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NG9-1-1, Cybersecurity, and Contributions to the Model Framework for a Secure National Infrastructure9-1-1 call networks form the foundation of emergency communications infrastructure. However, a lack of funding and taking such networks for granted has led to a gradual yet predictable outdating of this critical infrastructure. Fortunately, recent efforts have acknowledged as such, and dedicated public safety officials have worked to update 9-1-1 systems to Next Generation 9-1-1 (NG9-1-1). NG9-1-1 is an IP-based network with 21stcentury technology capable of handling increased call volume, more resilient networks, and providing significantly more data to first responders, among litany of other advancements. With this much needed advancement comes the responsibilities of ensuring a secure network. Although NG9-1-1 is a more secure network, what is to stop 9-1-1 networks from falling into the same underfunded situation as before? And more broadly, how can the U.S. government ensure a secure operating environment among a diverse range of stakeholders? In this article, we will analyze government cybersecurity funding and consolidation efforts, and look for a security first perspective to form the basis of NG9-1-1 cybersecurity.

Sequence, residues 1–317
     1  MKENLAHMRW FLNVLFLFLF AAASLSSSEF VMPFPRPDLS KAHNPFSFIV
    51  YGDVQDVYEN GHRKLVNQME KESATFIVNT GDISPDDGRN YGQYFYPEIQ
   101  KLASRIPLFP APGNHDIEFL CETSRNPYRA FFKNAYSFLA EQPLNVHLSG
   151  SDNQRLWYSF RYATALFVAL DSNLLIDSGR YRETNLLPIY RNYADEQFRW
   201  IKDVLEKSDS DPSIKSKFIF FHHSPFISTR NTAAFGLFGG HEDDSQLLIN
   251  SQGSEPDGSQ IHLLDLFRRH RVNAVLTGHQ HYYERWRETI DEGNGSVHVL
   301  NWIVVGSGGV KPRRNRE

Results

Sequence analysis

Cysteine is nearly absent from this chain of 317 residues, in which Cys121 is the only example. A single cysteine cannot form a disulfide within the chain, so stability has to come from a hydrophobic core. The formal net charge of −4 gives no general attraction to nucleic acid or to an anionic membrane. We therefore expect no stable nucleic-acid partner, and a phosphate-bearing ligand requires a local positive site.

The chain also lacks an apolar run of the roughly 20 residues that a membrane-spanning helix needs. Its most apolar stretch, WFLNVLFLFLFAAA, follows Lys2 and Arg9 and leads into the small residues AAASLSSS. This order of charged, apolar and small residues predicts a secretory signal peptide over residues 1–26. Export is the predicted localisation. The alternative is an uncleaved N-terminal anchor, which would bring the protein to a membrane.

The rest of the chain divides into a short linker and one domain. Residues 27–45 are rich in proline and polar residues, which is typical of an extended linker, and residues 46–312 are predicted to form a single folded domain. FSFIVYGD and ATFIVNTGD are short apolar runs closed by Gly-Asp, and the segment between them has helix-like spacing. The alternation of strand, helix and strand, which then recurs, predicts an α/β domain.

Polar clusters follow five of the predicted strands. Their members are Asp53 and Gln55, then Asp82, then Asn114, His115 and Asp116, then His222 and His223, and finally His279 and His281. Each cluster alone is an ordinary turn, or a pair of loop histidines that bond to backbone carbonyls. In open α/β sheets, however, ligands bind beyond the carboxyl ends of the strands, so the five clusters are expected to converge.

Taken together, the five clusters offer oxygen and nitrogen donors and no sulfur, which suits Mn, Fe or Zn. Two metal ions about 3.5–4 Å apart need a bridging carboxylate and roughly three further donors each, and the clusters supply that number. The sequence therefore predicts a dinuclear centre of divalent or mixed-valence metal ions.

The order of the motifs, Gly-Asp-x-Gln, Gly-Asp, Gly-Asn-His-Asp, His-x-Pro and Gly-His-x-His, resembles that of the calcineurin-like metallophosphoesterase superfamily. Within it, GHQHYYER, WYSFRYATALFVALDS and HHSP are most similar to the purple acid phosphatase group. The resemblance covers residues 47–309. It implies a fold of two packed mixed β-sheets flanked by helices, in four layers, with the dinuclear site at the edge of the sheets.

Hyperlinks and Making Available Right in the European Union – What Future for the Internet After Svensson?Hyperlinks, or more simply links, represent a fundamental instrument for programmers to build websites and for users to navigate the web. The internet, as we know it today, is a complex and interrelated net of contents at the disposal of surfers: in this scenario, hyperlinks represent the wires through which this net is weaved. Indeed, thanks to links, websites interrelate to one another making it possible for users to gather, with a simple click, information scattered around several locations on the web. Moreover, linking has become today a crucial tool for the provision of old as well as new services. Think about search engines of all kinds whose functioning is based on links leading users to the webpages containing information that matches the keywords inserted in the query. Last but not least, linking has become an ordinary communication practice in social platforms where users post all kinds of digital content they wish to share with friends through the technique of so-called ‘‘inline’’ links. While the crucial role of linking within the structure and functioning of the internet is beyond doubt, linking practices have immediately attracted lawyers’ attention for their intrinsic capability of infringing third parties’ intellectual property rights of various kinds. As far as copyright is concerned, linking may present liability issues in several instances. On the one hand, liability could be found when the link itself is infringing: for example, when the link (i.e. the pointer) contains a set of words that together can be protected by copyright (for example, headline news) or when the pointer is represented by a clickable thumbnail image protected by copyright. On the other hand, liability issues may arise when the link is used as an instrument to point users to certain digital content which has not been released on the web with the author’s consent or it has not been released by the author at all. For the purpose of this paper, we will restrict this analysis to the question of whether the act of hyperlinking can amount to a direct infringement of copyright on the internet, specifically by violating the making available right introduced by Art. 3 of the Information Society Directive, a question recently referred to the Court of Justice of the EU by several national judges. The answer to this question is of paramount importance to the development of new online services for the benefit of internauts, but also to the protection of the freedom of expression which has always characterized the internet as we know it today.